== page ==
• crank •
krængk • Hear it!
Part of Speech: Noun
Meaning: 1. A tool consisting of a handle at right angles to a shaft (rather like the letter Z) that creates a rotary motion when turned. 2. A crook or twist, as a crank of phrase; 3. An eccentric or grouchy person.
Notes: Today's word may be freely used as a verb in the first sense: to crank an antique car engine, as we had to do before the invention of the electric starter. This sense is preserved today in crankshaft, the main shaft of a car engine which had to be turned to start the engine in antique days. In the second two senses there is an adjective, cranky "eccentric, grouchy", with an adverb, crankily, and its own noun, crankiness.
In Play: The interesting aspect of today's word is its second meaning, which connects the first to the third: "The road to Ephraim's house has so many cranks and twists you could walk there in a straight line faster than you can drive." We have almost forgotten this meaning in the US. The third meaning, of course, is commonplace: "The road to Ephraim's was so crooked that I was too cranky to socialize by the time I arrived."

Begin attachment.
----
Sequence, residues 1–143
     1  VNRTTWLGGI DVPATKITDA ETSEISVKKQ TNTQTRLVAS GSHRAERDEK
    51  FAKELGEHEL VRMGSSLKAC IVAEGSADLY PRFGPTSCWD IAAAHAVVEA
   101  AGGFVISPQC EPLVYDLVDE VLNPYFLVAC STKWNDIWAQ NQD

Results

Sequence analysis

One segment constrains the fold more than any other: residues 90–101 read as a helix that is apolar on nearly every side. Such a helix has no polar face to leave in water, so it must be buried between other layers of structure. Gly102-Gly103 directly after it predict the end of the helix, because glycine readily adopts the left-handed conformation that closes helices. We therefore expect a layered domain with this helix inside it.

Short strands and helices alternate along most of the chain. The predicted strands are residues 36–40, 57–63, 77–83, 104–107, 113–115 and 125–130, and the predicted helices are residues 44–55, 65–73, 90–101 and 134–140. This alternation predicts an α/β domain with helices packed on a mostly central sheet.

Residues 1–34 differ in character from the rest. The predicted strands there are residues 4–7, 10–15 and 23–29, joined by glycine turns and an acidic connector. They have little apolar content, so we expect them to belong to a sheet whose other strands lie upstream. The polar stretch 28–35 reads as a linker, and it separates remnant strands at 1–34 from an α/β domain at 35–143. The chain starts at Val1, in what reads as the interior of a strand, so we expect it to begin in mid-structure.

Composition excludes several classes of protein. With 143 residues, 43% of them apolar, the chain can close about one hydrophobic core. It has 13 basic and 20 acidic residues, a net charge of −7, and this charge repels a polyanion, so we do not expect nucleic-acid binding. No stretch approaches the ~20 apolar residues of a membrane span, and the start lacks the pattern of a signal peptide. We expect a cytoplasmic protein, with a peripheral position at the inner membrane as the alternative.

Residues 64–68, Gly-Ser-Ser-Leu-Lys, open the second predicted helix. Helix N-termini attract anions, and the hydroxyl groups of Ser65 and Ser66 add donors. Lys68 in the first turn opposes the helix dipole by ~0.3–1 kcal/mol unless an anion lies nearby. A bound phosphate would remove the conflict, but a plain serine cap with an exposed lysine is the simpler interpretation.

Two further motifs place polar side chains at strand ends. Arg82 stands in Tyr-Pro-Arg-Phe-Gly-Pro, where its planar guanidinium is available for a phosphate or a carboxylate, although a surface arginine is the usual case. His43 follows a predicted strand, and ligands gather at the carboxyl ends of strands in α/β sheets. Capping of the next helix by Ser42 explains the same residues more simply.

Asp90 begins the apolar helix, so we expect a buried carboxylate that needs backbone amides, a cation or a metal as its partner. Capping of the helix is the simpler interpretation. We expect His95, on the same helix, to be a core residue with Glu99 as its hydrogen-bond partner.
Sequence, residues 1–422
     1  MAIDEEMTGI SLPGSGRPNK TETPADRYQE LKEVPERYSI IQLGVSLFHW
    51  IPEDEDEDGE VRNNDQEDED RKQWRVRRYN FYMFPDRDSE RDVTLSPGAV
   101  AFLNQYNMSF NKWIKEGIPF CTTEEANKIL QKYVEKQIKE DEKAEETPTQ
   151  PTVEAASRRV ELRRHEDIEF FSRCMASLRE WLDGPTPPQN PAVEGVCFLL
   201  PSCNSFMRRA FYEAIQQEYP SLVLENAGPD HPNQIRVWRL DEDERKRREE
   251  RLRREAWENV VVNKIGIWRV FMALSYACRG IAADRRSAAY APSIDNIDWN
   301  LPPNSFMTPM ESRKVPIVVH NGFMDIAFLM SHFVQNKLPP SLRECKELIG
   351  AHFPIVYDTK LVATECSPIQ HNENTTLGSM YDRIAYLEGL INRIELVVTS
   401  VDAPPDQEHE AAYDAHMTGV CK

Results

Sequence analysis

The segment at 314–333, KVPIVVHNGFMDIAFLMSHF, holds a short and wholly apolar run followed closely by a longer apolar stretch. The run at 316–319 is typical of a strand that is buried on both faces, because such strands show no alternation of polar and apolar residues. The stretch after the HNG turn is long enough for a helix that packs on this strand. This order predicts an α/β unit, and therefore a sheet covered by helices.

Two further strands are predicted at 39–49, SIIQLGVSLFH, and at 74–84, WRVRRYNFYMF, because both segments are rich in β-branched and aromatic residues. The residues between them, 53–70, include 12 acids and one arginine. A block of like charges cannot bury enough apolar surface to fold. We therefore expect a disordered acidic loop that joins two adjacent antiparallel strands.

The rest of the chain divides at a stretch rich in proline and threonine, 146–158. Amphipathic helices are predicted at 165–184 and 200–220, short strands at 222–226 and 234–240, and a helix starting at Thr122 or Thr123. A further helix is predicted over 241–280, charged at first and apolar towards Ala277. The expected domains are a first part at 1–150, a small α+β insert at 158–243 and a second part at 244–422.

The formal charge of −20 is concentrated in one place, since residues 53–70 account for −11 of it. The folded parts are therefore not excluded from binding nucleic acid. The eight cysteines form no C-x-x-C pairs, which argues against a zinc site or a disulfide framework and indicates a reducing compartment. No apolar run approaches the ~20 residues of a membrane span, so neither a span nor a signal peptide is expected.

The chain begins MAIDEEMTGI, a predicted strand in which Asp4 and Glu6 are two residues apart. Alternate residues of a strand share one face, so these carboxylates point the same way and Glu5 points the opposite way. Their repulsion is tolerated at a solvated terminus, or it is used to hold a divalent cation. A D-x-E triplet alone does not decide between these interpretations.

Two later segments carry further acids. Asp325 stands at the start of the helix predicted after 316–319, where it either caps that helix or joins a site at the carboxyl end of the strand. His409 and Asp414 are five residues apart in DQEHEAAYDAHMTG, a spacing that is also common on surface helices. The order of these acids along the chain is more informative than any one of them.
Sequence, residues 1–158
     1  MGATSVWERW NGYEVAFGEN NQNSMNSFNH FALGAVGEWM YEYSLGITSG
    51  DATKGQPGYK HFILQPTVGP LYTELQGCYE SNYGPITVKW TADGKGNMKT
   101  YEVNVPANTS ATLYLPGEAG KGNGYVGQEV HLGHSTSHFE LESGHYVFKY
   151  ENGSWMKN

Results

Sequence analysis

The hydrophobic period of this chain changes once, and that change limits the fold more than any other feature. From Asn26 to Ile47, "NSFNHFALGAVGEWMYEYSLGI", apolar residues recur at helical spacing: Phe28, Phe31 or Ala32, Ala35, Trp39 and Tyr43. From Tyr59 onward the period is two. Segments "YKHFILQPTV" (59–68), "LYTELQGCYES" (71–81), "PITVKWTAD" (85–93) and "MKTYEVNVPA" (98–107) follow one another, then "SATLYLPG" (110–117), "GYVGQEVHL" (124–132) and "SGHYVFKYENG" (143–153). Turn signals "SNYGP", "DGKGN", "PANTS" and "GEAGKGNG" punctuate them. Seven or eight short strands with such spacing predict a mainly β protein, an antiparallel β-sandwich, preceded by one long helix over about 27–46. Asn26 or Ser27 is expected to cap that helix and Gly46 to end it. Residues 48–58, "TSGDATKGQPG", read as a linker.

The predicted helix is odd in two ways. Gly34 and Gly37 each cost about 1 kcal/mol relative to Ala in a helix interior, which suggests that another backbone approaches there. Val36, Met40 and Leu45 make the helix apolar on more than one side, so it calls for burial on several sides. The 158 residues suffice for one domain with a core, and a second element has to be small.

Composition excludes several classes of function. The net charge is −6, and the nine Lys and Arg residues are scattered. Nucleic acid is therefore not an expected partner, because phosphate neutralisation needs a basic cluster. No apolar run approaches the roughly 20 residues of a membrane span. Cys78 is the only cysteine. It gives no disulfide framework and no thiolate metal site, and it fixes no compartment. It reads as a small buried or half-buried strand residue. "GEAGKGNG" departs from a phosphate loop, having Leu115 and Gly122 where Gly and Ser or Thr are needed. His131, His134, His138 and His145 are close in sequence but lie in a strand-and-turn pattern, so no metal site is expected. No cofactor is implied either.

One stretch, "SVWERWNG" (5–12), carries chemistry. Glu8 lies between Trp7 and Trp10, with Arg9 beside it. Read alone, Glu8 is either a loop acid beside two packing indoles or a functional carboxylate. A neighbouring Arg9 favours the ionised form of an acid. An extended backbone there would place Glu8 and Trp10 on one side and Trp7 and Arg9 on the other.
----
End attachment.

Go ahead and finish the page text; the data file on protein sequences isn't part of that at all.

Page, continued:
Word History: Today's word is an original English term from Old English cranc "bent, with a hook", as in cranc-stæf "shepherd's staff with a hook at one end". It arose from an Old Germanic word that apparently meant "bent over, curled up". It is akin to Old English cringan, crang, crungen "to fall in battle", originally meaning "to curl up". This word ultimately emerged as cringe "to shrink with fear" and went into the making of crinkle. This same stem shows up in German and Dutch krank "sick" and, without the N, in English crook(ed). The third sense of today's word apparently derived from the second: a person in a twisted state of mind or otherwise bent out of shape would qualify for the epithet cranky.
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